Weight bearing

Original Editor - Claire Knott Top Contributors - Claire Knott, Lucinda hampton, Karen Wilson and Rachael Lowe

Weight Bearing

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In orthopaedics weight bearing refers to how much weight the injured limb can take. It is generally used to refer to a percent of the body weight the limb can take as each limb, in a healthy person, takes 100% of the weight during a phase of stance when walking.

After surgery or bone fractures in the lower limb or pelvis is of utmost importance to adhere to the set parameters to aide the best outcome for recovery.[1] The surgeon or treating doctor will set the grades.

Full Weight Bearing (FWB)

No restriction to weight-bearing including single leg stance if pertaining to the lower limb. 100% of body weight can be transmitted through the designated limb to be "full weight bearing". FWB is somewhat interchangeable with the term 'weight bear as tolerated' (WBAT) which allows the patient to self-limit their weight bearing up to full weight bear as is tolerable to each individual case, reduced weight bearing usually due to pain and or swelling. An assistive walking aide may be needed if other issues are identified as an issue eg balance or sight affected.

Partial Weight Bearing (PWB)

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PWB is a broad term and can range from anything greater than non-weight bearing to anything less than full weight bearing. Most of the definitions in literature define partial weight bearing as from 30% to 50% of body weight. PWB may be recommended during fracture rehabilitation, following osteotomies and orthopaedic procedures[2] and is usually accompanied by a percentage figure to further describe the extent of weight bearing recommended. For example, PWB < 50%. An assistive walking aide will be needed, as evaluated by therapist. eg walker, crutches, walking stick.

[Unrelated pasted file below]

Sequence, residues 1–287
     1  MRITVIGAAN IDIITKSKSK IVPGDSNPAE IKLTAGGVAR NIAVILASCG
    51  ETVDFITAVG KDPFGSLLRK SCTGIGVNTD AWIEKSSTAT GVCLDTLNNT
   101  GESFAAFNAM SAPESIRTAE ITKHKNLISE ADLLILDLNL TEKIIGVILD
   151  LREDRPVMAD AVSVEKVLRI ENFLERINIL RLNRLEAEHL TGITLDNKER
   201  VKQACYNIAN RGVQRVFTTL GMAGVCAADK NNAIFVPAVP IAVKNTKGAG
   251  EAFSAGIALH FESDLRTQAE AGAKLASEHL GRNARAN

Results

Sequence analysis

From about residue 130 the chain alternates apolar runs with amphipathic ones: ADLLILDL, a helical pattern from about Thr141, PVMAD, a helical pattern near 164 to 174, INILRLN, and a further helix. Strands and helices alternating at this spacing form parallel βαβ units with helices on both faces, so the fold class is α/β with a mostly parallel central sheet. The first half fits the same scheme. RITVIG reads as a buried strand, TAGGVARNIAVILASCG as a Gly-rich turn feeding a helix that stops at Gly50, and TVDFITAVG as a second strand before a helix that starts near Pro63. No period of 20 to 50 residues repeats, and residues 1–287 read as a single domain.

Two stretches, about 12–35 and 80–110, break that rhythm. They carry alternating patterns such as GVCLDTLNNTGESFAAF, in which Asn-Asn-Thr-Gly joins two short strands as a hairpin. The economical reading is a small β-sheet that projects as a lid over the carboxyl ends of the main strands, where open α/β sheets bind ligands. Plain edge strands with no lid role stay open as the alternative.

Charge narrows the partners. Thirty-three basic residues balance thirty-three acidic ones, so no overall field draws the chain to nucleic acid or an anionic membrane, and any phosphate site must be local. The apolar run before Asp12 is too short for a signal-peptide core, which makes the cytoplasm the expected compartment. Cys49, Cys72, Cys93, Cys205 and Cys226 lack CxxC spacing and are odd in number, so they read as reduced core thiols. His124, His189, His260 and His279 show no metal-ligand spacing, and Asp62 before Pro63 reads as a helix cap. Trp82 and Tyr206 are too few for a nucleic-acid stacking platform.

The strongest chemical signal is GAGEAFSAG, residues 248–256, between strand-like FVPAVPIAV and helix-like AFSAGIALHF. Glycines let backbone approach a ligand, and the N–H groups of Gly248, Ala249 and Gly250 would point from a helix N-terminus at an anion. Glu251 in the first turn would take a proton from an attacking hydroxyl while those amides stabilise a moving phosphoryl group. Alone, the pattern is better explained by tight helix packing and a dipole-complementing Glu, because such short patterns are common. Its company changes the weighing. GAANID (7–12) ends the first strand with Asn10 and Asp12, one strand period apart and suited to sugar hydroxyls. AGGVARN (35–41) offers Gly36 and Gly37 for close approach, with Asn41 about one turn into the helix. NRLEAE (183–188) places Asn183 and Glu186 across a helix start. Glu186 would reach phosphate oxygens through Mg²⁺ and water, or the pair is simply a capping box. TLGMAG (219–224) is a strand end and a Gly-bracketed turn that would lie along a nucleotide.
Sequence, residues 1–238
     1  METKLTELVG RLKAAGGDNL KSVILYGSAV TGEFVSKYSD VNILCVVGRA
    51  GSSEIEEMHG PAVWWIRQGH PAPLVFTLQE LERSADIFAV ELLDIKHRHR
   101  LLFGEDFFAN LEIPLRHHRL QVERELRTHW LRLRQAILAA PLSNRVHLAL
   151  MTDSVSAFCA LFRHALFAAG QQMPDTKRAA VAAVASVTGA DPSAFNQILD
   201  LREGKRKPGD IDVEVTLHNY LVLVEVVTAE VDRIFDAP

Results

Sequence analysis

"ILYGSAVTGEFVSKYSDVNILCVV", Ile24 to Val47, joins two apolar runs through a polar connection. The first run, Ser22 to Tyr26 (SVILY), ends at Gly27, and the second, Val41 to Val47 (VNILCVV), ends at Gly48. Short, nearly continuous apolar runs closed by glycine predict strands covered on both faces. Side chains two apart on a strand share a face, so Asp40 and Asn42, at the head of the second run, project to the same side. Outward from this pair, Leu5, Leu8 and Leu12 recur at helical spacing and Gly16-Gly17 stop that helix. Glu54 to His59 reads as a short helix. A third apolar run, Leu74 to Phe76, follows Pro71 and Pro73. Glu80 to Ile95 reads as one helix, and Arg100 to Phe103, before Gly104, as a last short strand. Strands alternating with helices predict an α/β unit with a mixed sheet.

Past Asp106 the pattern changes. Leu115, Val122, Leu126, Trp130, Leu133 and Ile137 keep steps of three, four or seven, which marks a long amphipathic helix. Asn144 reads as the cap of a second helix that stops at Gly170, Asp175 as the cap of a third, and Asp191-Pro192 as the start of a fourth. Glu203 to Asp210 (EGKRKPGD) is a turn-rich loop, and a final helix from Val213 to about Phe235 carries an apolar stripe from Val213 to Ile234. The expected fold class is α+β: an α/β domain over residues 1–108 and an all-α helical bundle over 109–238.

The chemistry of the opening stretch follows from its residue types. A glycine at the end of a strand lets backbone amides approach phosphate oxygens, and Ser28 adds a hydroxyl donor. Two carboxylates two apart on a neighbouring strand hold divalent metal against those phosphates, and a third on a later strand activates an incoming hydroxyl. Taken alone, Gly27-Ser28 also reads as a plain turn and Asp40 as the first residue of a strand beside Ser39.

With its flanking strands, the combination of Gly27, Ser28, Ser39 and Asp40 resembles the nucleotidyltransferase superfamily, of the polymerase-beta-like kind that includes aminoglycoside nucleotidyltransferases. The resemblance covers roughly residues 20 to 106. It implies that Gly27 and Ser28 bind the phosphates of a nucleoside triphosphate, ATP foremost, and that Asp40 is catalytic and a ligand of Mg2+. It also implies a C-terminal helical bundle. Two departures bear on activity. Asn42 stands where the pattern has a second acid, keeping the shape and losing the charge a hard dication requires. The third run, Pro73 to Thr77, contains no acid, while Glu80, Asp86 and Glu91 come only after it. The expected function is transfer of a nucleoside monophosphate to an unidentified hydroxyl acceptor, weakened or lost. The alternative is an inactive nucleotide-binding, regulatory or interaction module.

Touch Weight Bearing (TWB)

TWB means the foot or toes may touch the floor (such as to maintain balance), but no weight is taken by the affected limb.Imagine having a potato crisp underfoot that one is not to crush[1]. An assistive walking aide will be needed, as evaluated by therapist eg walker, crutches.

Non Weight Bearing (NWB)

NWB status means the patient will not be able to put any weight through the limb and therefore will require eg wheelchair, walker,crutches or other assistive devices to mobilise.

The videoclip below gives a good illustration of each of the above types of WB with assistive devices as needed.



  1. 1.0 1.1 Wikipedia. Weight bearing. Available from: https://en.wikipedia.org/wiki/Weight-bearing (last accessed 4.4.2019)
  2. Rubin G, Monder O, Zohar R, Oster A, Konra O, Rozen N. Toe-Touch Weight Bearing: Myth or Reality?. ORTHOPEDICS. 2010; 33
  3. Clin skills 2 patient skills. Assistive devices and weight bearing status. Available from: https://www.youtube.com/watch?v=_0Ddj1eUcXU&feature=youtu.be (last accessed 4.4.2019)